All Nats All The Time (Ladson)
Citizens of Natstown (Landwermeyer, Huzzard, Hogan, OHara, Davila)
Clem’s Baseball (Andrew Clem)
DC Baseball History (Audley, Hornbaker, et al)
Distinguished Senators (Senators Ryan)
District on Deck (Flax, Book, Somers, et al)
District Sports Page (Nichols, Levitin, et al)
Federal Baseball (Reddington & Huzzard)
Hagerstown Suns Fan Club (Spedden)
IBWAA – DC (Nichols)
Let Teddy Win (Scott)
MASNsports Byron on the Nats (Kerr)
Mayflies & Bigflies (Mick Reinhard)
Nationals 101 (Frank and Susan Lattuca)
Nationals Baseball (Harper)
Nationals Buzz (MASN beat rptrs Kerzel, Witherite, etc) (Erickson, Whitzman)
Nats Enquirer (ck)
Nats Insider (Zuckerman & Hughes)
Nats Journal (Wagner, Janes)
Nats Noodles (Nat Anacostia)
NatsGM (Sullivan)
Natstradamus Blog (Luigi de guzman)
Notes from Natstown (Comak)
Red Porch Report (Eaton & Sullivan; RSS feed broken)
TalkNats (Ghost of Steve M et al)
The Nats Blog (Yoder, Drugan, Flax, et al)
The Nationals Review (Fleigel)
Washington Nationals Blog: Nationals Home Plate (Yahoo)

Recently Inactivated blogs: per my RSS feed, no new posts in months or years.  Could be because of RSS issues; let me know.

z DC is for Baseball (Sean Hogan now at Citizens)
z First Ladies of Baseball (Ashley & Maggie; blog seems dead)
z For Love of the Nationals (Lint; inactive)
z Lady and the Nats (NatsLady; was blogging in Apr2015 and then stopped)
z MASNsports The Goessling Game (went to ESPN)
z Nationals Inquisition (Drew Kinback; quit after 2015 season)
z Nationals Watch (was Comak; no WT blog?)
z Nats Exposed (Karl Kolchak: stopped blogging Oct 2014)
z Nats Fan Girl (Jenson; no longer blogging)
z Nats Nation (Section 138; stopped writing)
z The Zimmerman(n) Telegram (stopped 2014)


Beat Reporter Review

By the Way, am I missing any beat reporters?  By my count, here’s the outlets covering the Nats and their beat reporter:

  • MLB: Bill Ladson
  • Washington Post: James Wagner, Chelsea Janes (formerly Adam Kilgore, Barry Svrluga)
  • Washington Times: Zac Boyer, Todd Dybas?  (formerly Amanda Comak)
  • Comcast Sports Net: Mark Zuckerman, Chase Hughes
  • MASN: Byron Kerr, Chris Johnson, Pete Kerzel, Olivia Witherite
  • Washington Examiner: Stopped covering sports in 2013.

Does anyone else cover this team regularly in print?

Qualifying Offer analysis: Nats and Leaguewide


Desmond gets a Q.O. Photo Drew Kinback/

Desmond gets a QO. Photo Drew Kinback/

Qualifying Offer (QO) extension time has come and past, and a record 20 players received the 15.8M one-year contract tender for 2016.

The Nationals, as has been typical, went the conservative route and only gave a QO to the two players they expect to reach significant, multi-year deals.  Jordan Zimmermann and Ian Desmond.  They opted not to extend offers to their other 7 free agents, nor to the two guys who a  year ago you would have thought to be locks to get one (Doug Fister and Denard Span).

(coincidentally: am I the only one who thinks that the Nats actually have 9 free agents on their end-of-year 40-man roster?   Zimmermann, Desmond, Span, Fister, Uggla, McLouth, Janssen, Thornton and Johnson.  Why is it that all the other stories I read only list the first 8?  Is Reed Johnson actually not a FA?  Look at the Nats XLS on Cots‘; Johnson is absolutely listed as a FA, as are 6 others, plus the two with options that we’ve already declined.  Am I wrong?)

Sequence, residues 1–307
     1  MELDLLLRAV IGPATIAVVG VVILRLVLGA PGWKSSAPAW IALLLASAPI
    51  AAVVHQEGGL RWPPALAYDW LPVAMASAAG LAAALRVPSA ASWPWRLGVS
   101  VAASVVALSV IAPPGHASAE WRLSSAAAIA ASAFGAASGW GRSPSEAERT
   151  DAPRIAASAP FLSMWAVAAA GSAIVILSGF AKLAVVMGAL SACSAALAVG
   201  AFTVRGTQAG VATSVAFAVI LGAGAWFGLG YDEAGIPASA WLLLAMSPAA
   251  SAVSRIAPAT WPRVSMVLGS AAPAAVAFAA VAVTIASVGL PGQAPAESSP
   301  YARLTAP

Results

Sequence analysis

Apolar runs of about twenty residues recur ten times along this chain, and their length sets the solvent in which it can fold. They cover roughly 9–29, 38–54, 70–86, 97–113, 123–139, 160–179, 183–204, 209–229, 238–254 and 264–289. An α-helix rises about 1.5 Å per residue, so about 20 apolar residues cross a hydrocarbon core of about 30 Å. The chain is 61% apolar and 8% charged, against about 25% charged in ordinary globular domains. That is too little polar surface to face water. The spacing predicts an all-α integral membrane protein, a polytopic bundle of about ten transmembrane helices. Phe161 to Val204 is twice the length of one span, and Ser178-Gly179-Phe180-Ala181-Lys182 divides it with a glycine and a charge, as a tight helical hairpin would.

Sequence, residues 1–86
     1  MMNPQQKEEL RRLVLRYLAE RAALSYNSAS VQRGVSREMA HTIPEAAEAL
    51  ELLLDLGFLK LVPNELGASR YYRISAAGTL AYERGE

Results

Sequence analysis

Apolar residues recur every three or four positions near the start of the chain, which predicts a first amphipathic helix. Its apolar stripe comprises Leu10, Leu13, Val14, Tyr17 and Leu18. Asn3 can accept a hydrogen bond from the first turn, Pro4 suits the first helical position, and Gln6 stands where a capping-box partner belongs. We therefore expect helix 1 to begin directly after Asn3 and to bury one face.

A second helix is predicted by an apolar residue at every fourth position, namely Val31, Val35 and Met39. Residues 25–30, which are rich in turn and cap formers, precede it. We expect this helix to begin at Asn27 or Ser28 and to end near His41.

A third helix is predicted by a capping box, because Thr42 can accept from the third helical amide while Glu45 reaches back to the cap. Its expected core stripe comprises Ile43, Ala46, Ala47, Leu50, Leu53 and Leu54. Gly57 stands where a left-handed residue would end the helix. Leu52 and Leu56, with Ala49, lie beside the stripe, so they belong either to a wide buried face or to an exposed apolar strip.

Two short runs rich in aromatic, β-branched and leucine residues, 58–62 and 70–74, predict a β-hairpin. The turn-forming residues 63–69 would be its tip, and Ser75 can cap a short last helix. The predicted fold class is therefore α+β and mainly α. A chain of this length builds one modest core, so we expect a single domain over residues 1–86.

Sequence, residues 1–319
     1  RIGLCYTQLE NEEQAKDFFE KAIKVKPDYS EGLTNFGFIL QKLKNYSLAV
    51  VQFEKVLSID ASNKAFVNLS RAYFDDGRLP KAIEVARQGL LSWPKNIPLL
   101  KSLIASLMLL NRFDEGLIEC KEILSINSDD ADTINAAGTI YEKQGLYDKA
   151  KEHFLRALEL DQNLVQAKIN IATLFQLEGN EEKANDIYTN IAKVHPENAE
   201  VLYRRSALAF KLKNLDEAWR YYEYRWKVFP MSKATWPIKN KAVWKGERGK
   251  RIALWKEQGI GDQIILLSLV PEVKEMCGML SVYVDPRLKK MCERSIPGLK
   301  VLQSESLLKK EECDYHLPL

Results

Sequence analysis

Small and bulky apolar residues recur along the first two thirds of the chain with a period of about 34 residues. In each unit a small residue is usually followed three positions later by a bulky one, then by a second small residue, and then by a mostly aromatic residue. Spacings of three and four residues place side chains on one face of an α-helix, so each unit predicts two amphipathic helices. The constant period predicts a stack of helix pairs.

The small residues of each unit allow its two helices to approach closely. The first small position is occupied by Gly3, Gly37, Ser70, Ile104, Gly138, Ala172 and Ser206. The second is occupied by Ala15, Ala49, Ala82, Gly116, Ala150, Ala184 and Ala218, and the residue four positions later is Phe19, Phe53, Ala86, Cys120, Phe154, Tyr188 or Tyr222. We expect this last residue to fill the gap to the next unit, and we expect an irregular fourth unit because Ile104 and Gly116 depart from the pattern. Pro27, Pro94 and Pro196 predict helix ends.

Anyway.  I’m on record as saying that the Nats should have extended 3 QOs to include Span.  Yet not for the first time, the team has opted not to offer a QO to a guy who clearly would have declined it.  And this will be the third time they have made a crucial mistake as an organization and gave away a high draft pick needlessly.  Edwin Jackson was always going to sign a multi-year deal and the Nats inexplicably failed to give him one.  Same with Adam LaRoche, who clearly still had a market for his services and would have garnered another pick.

I’m not sure exactly what Scott Boras seems to “have” on the Lerners … but not for the first time they’ve cut him a break and done him and his clients an inexplicable favor.  So, what exactly do the Nats get out of this?  Span should send the team management a fruit basket for not destroying his FA market this coming off-season.  I’ve said it before and I’ll say it again: Span didn’t hire Scott Boras so that he could hand over a commission check on a gift of a $15.8M one year deal.  Span was never going to accept that QO.  Just dumb.  But hey, it isn’t exactly the first dumb thing this front office/ownership group has done this off season…

So, of the 20 players who did get a QO … the annual question remains.  Will someone actually take it this year?  Just as a reminder, here’s the entire list of QO-offered players since the system began, with their eventual contract offer and a judgement of whether or not the QO “hurt” their next contract.  Eight in 2012, 13 in 2013, and 12 after last season.  That’s 33 total players and so far NOT ONE has signed the deal.  I’m still not entirely convinced that there’s not a Player’s Union-wide conspiracy going on where they decline the QOs en masse because they don’t agree with it for some reason.  Certainly it seems like the next CBA will eliminate it, since it has clearly done little except harm the market for FAs.

Here’s a quick opinion on the 20 guys who got QOs and what I think may happen (AAV = Average Annual Value on their contract):